5 Things To Know Before Getting a Car Loan

There are three massive loans that most people take out in a lifetime. First, you have the home loan, and then the student loan (if you’re in the United States). Then, there’s the car loan, which you’ll end up going through multiple of in most cases throughout your life. Whether you’re heading into your first car loan or your seventh, here are five things you need to know before getting that loan.

1. Trading In

With each passing year, there are more and more people that are trading in their cars due to the ease of convenience. That’s because online companies that manage purchases, trade-ins, and sales have made the car-buying process hassle-free. If you currently have a car, no matter what type of condition it’s in, you’ll be able to trade it in.

Many people have switched to trading in their cars online, while there are still plenty that take their cars directly to the dealer. Of course, there are going to be varying prices for how much that you can get for your trade-in, but a good rule of thumb is to use the Kelly Blue Book to see what your car’s value is. From there, you can use your trade-in to make a big dent in your new car’s purchase price.

2. Down Payment

Trading in your car is the most common and convenient way to make a down payment on your new car instead of coming up with a large sum of cash. Naturally, the larger the down payment the better. It’s important to know how much you can afford for a down payment, and never spend more than you’re able to afford just to bring down your monthly payments by a dollar or two per month.

That’s one of the biggest mistakes that people make when entering into a car loan, as down payments don’t really make a big difference on the loan rates until you start talking increments that are several hundred dollars in most cases. Also, don’t take out another loan just to make a down payment on a car, because then you’re burying two holes.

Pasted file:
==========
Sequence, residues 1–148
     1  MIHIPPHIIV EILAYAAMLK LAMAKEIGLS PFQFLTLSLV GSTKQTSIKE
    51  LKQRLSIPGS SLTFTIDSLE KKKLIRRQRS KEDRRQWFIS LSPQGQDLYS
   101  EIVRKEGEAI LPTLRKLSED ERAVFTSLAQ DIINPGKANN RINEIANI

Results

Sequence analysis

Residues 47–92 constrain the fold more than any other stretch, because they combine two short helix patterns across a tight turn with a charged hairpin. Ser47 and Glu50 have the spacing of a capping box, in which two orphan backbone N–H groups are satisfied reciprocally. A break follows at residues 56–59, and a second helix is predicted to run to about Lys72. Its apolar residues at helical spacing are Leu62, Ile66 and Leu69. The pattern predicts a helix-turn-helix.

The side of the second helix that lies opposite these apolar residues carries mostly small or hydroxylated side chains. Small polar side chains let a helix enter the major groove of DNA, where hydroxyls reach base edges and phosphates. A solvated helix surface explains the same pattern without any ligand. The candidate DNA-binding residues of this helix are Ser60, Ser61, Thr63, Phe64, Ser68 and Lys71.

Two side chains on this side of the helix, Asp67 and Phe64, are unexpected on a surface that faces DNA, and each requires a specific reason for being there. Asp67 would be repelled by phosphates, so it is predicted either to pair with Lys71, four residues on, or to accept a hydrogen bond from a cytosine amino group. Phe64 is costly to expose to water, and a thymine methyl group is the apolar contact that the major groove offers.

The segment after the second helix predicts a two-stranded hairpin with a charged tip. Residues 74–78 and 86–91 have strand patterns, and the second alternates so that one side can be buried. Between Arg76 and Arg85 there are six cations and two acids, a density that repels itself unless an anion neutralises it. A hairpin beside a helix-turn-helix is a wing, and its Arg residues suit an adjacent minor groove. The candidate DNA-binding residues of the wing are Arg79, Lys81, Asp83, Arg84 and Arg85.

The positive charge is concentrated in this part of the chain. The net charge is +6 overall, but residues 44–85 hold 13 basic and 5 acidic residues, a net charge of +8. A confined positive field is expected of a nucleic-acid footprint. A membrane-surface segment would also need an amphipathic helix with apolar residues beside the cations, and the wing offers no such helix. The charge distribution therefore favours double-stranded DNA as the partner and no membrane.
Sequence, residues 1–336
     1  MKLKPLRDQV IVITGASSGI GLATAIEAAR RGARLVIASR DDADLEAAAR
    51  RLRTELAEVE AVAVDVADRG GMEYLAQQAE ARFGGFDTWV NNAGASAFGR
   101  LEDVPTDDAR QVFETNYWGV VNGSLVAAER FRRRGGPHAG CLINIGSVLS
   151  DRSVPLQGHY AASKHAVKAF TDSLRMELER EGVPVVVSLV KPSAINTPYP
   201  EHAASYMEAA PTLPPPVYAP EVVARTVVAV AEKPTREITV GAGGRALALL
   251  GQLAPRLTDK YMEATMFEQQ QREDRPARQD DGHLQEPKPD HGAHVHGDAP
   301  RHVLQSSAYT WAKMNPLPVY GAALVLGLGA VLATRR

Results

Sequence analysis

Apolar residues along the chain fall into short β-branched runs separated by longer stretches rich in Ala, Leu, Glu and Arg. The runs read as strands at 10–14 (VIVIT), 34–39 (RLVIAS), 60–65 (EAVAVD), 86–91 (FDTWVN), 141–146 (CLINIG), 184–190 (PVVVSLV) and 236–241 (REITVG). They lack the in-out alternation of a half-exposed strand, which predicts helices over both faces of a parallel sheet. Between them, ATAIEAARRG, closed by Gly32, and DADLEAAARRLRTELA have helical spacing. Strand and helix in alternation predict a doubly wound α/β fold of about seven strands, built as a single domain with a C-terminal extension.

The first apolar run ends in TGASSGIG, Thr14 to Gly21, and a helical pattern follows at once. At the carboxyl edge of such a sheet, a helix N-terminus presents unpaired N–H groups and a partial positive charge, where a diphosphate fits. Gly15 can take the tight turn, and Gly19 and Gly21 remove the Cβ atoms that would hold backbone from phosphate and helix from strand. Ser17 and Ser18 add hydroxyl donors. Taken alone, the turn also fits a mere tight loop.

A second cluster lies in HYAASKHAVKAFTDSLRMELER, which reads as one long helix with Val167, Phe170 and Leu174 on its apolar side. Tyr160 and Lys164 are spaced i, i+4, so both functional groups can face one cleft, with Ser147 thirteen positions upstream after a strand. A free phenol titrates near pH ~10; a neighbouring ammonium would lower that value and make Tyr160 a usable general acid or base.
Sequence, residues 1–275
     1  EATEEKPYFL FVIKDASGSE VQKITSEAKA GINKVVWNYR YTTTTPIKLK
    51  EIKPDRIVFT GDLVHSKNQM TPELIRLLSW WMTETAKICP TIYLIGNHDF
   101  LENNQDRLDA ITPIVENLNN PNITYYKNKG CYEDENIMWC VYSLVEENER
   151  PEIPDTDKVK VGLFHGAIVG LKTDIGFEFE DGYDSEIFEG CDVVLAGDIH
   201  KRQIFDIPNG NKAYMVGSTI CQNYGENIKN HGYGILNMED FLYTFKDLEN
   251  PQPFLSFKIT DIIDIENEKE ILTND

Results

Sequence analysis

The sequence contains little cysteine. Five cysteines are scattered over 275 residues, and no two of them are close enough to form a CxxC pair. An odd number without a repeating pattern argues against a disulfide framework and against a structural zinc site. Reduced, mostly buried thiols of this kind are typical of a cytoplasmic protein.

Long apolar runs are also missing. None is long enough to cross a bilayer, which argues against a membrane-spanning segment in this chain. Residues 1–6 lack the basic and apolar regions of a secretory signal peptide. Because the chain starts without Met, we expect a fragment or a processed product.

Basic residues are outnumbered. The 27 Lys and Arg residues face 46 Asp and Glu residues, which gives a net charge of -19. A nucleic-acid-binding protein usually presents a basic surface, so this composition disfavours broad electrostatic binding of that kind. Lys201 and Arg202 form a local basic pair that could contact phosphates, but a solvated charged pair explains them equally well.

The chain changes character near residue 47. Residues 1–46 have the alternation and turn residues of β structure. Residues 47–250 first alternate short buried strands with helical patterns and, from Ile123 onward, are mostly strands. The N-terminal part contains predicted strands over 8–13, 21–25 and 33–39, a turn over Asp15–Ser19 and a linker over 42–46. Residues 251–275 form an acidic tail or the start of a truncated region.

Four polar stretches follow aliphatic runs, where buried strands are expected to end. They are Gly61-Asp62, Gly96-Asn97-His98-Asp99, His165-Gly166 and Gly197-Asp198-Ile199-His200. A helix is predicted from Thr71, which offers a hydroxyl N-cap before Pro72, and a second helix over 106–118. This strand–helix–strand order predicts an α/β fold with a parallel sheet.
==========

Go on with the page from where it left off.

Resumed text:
3. Interest Rate

The absolute biggest thing that’s going to affect how much you pay for your new car is the interest rate. See what you’re approved for before you even start shopping, that way you know how much you can spend. If you’re receiving an offer for an incredibly low-interest rate, you may be able to get a better and newer car than you first expected.

To bring in new customers that clearly have good credit, a lot of dealerships will offer 0% APR or even a cash rebate. You’ll be able to shop around and see what kind of rebate you can get, and the higher rebates equal lower monthly payments. People with poor credit may still be able to afford monthly payments on high-interest rates, but the type of car they’ll be able to get will be much older or have higher mileage.

4. Loan Length

There are plenty of potential car owners that are able to afford a brand-new car every two or three years and can take on those shorter-term car loans while being able to keep up with the high monthly payments. If you’re one of those people that’s willing to commit to a vehicle for several years, though, you might want to take a longer loan.

This is especially true for lower-interest loans as the monthly payments overall will be incredibly low on a new vehicle. That will allow you to save your income for other expenditures rather than worrying about whether or not you can even afford the car in the first place. The typical car loan lasts for 60 months (five years).

5. Type of Car

Now that you have your interest rate, know how much you can trade-in and put down for a down payment, and figured out your monthly payments, it’s time to decide what type of car you want. Each person has different needs, and a lot depends on the climate, commute to work, and size of the family.

Take all of these into consideration, as you don’t want to buy a two-seater if you have several young children while a larger SUV is sitting there at the same price and mileage. Typically, people will know what they’re looking for before the process even begins.

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